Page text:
The MGA has teamed up with Marriott hotels to organize a tri-series tournament starting in 2021. The champions of this year’s tournament will receive a fully paid trip to Belek, a golfing destination in Turkey.
Malik expressed his initial perception of golf as a sport exclusively played by wealthy, Caucasian men. However, he now sees it as a chance to prove that individuals of different racial backgrounds can excel in the game.
Malik is thrilled by the enthusiastic reception from Muslim women towards MGA events. Following the successful launch of three trial sessions in Birmingham last year, over 1,000 players have already registered for the upcoming series of women-only introductory events taking place throughout the country in the next two months.
Malik is of the opinion that Muslim women in the UK are facing obstacles in their participation in sports due to insufficient options for all-female facilities and sessions.
The MGA does not have a strict dress requirement, allowing women to wear a niqab and abaya while playing. They also reserve sections of courses for special events, making sure new players feel at ease.
Malik expressed his amazement at the overwhelming response, stating that it has been truly incredible. He encourages women to come as they are, with a smile and comfortable shoes, as the team will handle the rest. This approach may not be groundbreaking, but it has made the event more accessible and the demand for it has been astounding.
“The golf course does not show prejudice.”
Up to now, MGA events have brought in more than 1,300 attendees. Moving ahead, the group’s goal is to expand its reach globally and attract as many new players as possible.
During his childhood, Malik had to seek inspiration from athletes in other sports who were also Muslim, like Moeen Ali, a cricketer from England. From Muhammad Ali to Kareem Abdul-Jabaar to Mohamed Salah, there have been many successful Muslim athletes in various sports, but the world of professional golf lacks similar representation.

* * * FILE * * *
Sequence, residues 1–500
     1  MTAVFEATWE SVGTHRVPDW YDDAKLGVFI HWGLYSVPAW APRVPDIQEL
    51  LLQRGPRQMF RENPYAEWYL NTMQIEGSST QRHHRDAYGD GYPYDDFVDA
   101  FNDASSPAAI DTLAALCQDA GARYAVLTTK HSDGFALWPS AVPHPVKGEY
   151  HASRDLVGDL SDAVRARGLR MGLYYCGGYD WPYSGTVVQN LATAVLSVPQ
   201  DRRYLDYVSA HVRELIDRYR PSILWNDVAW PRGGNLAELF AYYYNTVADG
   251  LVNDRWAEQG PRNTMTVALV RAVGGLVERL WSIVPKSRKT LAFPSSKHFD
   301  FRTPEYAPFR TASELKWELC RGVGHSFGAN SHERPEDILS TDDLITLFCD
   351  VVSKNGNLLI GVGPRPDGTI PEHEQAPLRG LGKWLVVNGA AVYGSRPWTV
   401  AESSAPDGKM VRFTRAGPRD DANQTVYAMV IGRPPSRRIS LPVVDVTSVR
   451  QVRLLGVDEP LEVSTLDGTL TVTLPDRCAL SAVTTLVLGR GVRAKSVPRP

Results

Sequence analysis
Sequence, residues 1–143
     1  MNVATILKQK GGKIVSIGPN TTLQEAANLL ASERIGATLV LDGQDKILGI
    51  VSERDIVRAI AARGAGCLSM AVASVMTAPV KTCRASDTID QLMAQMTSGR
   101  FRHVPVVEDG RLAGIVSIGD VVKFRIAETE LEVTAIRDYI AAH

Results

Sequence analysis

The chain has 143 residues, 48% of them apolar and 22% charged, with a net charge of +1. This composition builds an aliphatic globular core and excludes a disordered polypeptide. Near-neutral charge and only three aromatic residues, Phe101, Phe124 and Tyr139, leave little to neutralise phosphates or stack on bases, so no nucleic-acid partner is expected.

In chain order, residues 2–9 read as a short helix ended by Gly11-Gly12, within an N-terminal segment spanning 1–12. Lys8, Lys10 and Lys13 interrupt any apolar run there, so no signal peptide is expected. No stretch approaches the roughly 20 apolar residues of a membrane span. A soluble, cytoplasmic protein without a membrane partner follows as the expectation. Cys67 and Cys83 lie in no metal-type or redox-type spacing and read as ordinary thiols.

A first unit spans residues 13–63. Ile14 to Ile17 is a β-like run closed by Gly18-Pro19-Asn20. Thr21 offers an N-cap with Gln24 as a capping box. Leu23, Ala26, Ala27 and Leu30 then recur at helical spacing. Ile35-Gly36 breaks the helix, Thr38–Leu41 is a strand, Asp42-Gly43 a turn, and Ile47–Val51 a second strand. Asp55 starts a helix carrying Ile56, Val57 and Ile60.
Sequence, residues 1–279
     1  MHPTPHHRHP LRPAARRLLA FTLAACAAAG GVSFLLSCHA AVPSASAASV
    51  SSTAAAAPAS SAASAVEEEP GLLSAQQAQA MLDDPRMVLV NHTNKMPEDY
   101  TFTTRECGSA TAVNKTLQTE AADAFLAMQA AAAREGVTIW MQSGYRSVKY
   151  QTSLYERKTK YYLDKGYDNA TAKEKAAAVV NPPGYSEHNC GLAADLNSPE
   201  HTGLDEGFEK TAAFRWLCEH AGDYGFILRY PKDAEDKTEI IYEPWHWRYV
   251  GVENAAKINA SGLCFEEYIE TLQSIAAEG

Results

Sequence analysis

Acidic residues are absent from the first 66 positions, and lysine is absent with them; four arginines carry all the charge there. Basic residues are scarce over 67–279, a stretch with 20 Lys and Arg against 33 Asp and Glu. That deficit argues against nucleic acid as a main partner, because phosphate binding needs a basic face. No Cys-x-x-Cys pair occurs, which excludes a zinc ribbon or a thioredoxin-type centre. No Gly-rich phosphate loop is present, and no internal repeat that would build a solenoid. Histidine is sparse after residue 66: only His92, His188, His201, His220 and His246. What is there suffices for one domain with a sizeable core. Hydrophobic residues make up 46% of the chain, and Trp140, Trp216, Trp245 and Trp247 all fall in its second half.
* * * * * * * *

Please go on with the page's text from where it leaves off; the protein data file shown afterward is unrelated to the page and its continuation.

A recent study referenced by England Golf, the governing organization for amateur golf in the country, revealed that only 5% of golfers in England come from diverse ethnic backgrounds.
Richard Flint, England Golf’s COO, believes that forming connections with organizations like MGA can help us comprehend and dismantle the obstacles that have led to a lack of diversity in the sport.
CNN spoke with Flint who stated that individuals should not be made to feel uncomfortable when entering a golf club or facility based on their age, race, ethnicity, or gender.
As a progressive and innovative institution, our goal is to make golf accessible to all and shift outdated beliefs about the sport.
Although Malik’s goal is to have Muslim athletes participating in professional tours, he clarifies that his intention in forming the MGA was not to create a Muslim version of Tiger Woods.
“He expressed that it would be an added bonus if that were to occur, but the main goal is to encourage the golf industry to reflect on itself and promote accessibility, openness, and diversity. This would be a significant accomplishment.”
The golf course does not show bias. The ball does not inquire about your color, race, or gender… yet it is a exclusive club that has only allowed a select few to join.
Malik thinks it is necessary to make changes. He believes that golf has many important principles and customs that should be preserved, but it also needs to adapt and grow. If it were more inclusive and open to different cultures and traditions, it has the potential to become even better.
This article has been revised to provide further information on the connection between England Golf and the MGA.